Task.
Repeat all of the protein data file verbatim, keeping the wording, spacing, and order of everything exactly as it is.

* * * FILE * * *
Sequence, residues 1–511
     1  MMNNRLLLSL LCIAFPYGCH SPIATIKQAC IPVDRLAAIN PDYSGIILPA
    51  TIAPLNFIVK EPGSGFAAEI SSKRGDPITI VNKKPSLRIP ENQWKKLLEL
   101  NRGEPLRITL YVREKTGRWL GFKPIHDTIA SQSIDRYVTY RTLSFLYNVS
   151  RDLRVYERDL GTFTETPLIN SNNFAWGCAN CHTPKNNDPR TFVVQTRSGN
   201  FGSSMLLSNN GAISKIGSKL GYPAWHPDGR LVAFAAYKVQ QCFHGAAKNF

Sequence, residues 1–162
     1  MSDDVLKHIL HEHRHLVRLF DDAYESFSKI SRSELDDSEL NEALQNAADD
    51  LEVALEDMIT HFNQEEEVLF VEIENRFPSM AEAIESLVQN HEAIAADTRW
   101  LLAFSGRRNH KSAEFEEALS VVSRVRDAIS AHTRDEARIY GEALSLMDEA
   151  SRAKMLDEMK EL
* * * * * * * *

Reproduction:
Sequence, residues 1–511
     1  MMNNRLLLSL LCIAFPYGCH SPIATIKQAC IPVDRLAAIN PDYSGIILPA
    51  TIAPLNFIVK EPGSGFAAEI SSKRGDPITI VNKKPSLRIP ENQWKKLLEL
   101  NRGEPLRITL YVREKTGRWL GFKPIHDTIA SQSIDRYVTY RTLSFLYNVS
   151  RDLRVYERDL GTFTETPLIN SNNFAWGCAN CHTPKNNDPR TFVVQTRSGN
   201  FGSSMLLSNN GAISKIGSKL GYPAWHPDGR LVAFAAYKVQ QCFHGAAKNF

Sequence, residues 1–162
     1  MSDDVLKHIL HEHRHLVRLF DDAYESFSKI SRSELDDSEL NEALQNAADD
    51  LEVALEDMIT HFNQEEEVLF VEIENRFPSM AEAIESLVQN HEAIAADTRW
   101  LLAFSGRRNH KSAEFEEALS VVSRVRDAIS AHTRDEARIY GEALSLMDEA
   151  SRAKMLDEMK EL